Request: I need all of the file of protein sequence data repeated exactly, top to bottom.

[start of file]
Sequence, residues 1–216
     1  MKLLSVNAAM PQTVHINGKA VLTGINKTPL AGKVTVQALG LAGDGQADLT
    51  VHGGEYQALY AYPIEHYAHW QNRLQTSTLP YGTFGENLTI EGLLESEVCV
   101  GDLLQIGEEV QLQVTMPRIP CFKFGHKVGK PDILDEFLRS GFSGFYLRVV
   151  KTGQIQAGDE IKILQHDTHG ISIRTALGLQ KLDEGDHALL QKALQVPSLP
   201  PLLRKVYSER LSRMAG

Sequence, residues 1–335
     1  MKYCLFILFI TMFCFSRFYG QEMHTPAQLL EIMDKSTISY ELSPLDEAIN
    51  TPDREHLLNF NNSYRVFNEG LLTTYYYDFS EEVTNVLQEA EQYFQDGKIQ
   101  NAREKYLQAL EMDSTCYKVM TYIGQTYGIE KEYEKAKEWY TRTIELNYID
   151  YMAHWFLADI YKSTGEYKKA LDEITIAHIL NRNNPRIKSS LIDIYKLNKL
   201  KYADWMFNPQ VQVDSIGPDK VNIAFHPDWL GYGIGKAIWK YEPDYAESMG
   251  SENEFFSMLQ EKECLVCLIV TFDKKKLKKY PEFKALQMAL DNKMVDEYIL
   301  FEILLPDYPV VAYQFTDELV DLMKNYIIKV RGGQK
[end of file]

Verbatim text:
Sequence, residues 1–216
     1  MKLLSVNAAM PQTVHINGKA VLTGINKTPL AGKVTVQALG LAGDGQADLT
    51  VHGGEYQALY AYPIEHYAHW QNRLQTSTLP YGTFGENLTI EGLLESEVCV
   101  GDLLQIGEEV QLQVTMPRIP CFKFGHKVGK PDILDEFLRS GFSGFYLRVV
   151  KTGQIQAGDE IKILQHDTHG ISIRTALGLQ KLDEGDHALL QKALQVPSLP
   201  PLLRKVYSER LSRMAG

Sequence, residues 1–335
     1  MKYCLFILFI TMFCFSRFYG QEMHTPAQLL EIMDKSTISY ELSPLDEAIN
    51  TPDREHLLNF NNSYRVFNEG LLTTYYYDFS EEVTNVLQEA EQYFQDGKIQ
   101  NAREKYLQAL EMDSTCYKVM TYIGQTYGIE KEYEKAKEWY TRTIELNYID
   151  YMAHWFLADI YKSTGEYKKA LDEITIAHIL NRNNPRIKSS LIDIYKLNKL
   201  KYADWMFNPQ VQVDSIGPDK VNIAFHPDWL GYGIGKAIWK YEPDYAESMG
   251  SENEFFSMLQ EKECLVCLIV TFDKKKLKKY PEFKALQMAL DNKMVDEYIL
   301  FEILLPDYPV VAYQFTDELV DLMKNYIIKV RGGQK